www.topsecretwriters.com...

en.wikipedia.org...(codename)

This led to the design of buildings with Faraday cages built into the walls so that no signals would leak out.



posted on Jun, 19 2013 @ 03:39 PM
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Great thread and thanks for highlighting.

You are right about "duty of care" and it would make interesting situation in the UK if either an individual takes a company through the courts on this (unlikely) or one of the governing bodies recommends not using the US- even though I expect the UK to be in bed with the US on this one.



posted on Jun, 19 2013 @ 05:13 PM
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All the international posturing in relation to PRISM is just for show. The world has known about the capabilities of the US government in this arena for years. But what's more ironic is that most nations have very similar laws to the US's Patriot Act which allow them to monitor data of foreign (from said country's perspective) individuals:




However, the U.S. is not alone with laws reminiscent of FISA or the Patriot Act. The researchers note that such wide-ranging provisions able to access cloud-stored data outside of their respective jurisdictions are not limited to the U.S. And continue to say, "Other nation states, including the Netherlands, have comparable provisions in place for access to data in the context of law enforcement and national security." For instance, the report notes the Dutch Intelligence and Security Services Act, which give the Dutch security and intelligence services, "the power to process the personal data of a wide range of persons." One of the sections of the law specifically carries FISA-like provisions in the Netherlands, which, "authorizes them to carry out, using a technical aid, targeted tapping, reception, recording and interception of any form of conversation, telecommunication or data transfer by means of an automated activity, irrespective of where this takes place."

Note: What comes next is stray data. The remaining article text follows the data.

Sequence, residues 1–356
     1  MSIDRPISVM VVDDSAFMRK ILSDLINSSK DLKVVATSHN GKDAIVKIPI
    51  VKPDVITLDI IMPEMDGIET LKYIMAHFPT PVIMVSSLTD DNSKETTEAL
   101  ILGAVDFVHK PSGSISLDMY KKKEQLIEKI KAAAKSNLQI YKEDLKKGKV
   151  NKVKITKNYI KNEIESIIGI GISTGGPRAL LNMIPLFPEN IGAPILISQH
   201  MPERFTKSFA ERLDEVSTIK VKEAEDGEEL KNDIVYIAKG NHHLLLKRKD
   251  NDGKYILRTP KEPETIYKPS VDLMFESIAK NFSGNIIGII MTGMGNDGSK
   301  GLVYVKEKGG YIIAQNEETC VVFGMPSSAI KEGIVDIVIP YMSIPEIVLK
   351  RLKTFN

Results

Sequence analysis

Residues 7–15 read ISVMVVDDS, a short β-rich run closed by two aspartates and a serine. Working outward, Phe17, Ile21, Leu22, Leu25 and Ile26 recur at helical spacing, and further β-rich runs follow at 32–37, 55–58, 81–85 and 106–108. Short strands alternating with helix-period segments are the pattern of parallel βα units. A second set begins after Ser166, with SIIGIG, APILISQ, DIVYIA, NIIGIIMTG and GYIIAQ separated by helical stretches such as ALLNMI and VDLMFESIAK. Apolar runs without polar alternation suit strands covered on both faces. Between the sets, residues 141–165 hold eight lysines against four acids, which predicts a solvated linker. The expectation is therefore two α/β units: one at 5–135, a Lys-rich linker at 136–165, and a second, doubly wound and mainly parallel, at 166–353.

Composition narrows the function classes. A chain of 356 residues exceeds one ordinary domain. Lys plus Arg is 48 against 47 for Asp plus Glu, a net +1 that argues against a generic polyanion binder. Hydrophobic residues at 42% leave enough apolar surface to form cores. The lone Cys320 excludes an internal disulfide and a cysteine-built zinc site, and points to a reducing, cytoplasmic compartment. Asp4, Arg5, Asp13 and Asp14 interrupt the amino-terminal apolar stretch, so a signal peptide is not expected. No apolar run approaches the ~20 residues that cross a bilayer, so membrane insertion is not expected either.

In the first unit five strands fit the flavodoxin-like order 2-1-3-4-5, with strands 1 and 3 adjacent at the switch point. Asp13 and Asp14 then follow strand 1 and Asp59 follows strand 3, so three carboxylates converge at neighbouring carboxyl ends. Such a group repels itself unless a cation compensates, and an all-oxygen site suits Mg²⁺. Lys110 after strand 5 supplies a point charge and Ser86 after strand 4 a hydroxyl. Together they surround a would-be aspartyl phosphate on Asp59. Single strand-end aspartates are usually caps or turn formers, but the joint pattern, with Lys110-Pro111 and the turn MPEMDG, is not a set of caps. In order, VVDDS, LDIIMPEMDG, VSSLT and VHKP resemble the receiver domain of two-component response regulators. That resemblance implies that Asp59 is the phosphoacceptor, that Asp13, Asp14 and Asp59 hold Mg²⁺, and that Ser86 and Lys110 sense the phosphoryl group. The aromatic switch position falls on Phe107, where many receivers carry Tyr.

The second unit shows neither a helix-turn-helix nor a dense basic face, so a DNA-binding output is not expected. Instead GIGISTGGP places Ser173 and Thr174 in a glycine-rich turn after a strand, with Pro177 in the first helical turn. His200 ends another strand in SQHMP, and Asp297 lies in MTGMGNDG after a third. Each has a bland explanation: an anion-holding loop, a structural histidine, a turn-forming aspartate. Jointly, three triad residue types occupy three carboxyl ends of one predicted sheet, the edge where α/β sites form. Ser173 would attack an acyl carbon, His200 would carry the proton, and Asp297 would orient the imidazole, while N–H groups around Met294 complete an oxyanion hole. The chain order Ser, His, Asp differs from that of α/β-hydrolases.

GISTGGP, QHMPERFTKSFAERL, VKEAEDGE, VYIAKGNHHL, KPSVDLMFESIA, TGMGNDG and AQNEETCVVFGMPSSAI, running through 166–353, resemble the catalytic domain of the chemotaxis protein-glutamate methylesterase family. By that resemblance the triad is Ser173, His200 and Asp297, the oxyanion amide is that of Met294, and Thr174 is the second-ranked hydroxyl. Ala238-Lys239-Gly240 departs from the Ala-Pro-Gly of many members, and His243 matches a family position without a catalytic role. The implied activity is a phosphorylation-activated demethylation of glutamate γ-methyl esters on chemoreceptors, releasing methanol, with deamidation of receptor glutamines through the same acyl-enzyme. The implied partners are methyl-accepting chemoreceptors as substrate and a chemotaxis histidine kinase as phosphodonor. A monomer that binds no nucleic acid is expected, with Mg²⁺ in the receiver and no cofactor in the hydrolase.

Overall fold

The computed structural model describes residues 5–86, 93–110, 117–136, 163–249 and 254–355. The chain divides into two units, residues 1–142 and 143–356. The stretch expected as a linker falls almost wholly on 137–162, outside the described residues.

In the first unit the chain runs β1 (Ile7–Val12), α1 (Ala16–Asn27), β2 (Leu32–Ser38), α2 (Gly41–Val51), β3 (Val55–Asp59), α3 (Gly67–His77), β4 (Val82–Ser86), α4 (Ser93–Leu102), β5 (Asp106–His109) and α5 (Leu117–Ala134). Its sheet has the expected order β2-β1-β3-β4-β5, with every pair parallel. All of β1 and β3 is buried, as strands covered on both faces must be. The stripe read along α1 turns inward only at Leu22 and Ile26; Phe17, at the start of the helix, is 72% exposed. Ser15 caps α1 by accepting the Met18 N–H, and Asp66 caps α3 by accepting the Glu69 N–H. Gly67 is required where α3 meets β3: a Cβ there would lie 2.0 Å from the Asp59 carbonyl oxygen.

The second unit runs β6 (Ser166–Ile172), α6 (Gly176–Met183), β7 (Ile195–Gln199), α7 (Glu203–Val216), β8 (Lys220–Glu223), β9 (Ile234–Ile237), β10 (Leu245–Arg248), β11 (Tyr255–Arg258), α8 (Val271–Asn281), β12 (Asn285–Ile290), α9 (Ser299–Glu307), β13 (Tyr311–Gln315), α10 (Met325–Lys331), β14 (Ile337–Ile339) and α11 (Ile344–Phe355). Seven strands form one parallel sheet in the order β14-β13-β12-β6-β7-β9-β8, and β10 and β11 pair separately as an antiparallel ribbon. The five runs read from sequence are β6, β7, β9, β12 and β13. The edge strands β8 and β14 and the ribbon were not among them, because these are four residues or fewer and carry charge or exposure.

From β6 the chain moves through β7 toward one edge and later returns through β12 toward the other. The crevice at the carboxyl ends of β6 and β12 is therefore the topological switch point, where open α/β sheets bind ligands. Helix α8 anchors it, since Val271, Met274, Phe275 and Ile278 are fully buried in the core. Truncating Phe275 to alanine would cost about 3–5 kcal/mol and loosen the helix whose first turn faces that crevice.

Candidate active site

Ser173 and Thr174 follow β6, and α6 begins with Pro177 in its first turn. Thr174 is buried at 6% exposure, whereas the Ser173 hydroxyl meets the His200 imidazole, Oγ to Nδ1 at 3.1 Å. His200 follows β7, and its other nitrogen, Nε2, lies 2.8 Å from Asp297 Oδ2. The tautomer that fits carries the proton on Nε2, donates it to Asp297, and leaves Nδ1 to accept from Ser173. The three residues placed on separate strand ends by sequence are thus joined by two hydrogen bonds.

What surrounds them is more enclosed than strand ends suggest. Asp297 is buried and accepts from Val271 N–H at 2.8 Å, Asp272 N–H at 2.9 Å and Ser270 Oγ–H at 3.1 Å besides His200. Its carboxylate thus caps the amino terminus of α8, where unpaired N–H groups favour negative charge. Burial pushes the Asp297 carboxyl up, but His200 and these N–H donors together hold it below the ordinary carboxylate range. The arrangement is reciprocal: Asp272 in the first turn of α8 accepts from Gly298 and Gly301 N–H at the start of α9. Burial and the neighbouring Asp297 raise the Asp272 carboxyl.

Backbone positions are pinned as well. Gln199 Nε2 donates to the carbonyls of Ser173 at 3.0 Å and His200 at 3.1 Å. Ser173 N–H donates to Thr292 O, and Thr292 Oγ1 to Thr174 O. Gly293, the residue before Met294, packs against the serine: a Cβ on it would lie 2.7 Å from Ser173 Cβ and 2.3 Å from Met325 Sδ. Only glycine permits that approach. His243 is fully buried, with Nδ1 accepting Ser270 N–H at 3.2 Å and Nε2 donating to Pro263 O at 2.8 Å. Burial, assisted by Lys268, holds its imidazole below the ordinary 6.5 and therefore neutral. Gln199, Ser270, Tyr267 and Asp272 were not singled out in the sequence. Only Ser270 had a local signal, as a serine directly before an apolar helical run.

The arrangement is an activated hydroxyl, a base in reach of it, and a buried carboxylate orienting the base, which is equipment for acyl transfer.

Similarly, the Canadian Anti-Terrorism Act "replicates" much of the provisions in the U.S.' Patriot Act. Ontario's Information and Privacy Commissioner Ann Cavoukian said in a recent report that the Act's provisions are part of the normal data-sharing process between governments.

As a result, many countries can also theoretically acquire data stored by companies in another country without a mutual legal assistance request -- used by governments to request help in obtaining evidence from another jurisdiction to assist in investigations in another -- if the company is required by that country's domestic law to assist, in spite of any protection offered by a third country's legal system.

This could include cloud-stored medical data, financial information provided by banks, and business documents or corporate secrets, all the way down to an ordinary user's cloud-stored iTunes music collection or the cloud-stored photos taken on a recent vacation. Because the U.S. is home to the global powerhouses that run major cloud services -- not limited to Apple, Amazon, Google and Microsoft -- the research increases the scope of relevance to cloud users. Conversely, the report notes that the company may not have to be headquartered in the U.S. to be supposedly susceptible to a data access request.


www.cbsnews.com... patriot-act-can-obtain-data-in-europe-researchers-say/

Now it would be interesting if all the criticism flying at the US government caused Congress to get its act together and come up with real solutions to the transparency and oversight problems concerning surveillance programs, and this in turn caused the rest of the world governments to eat their vegetables and follow suit to avoid looking hypocritical. But that is unlikely to happen.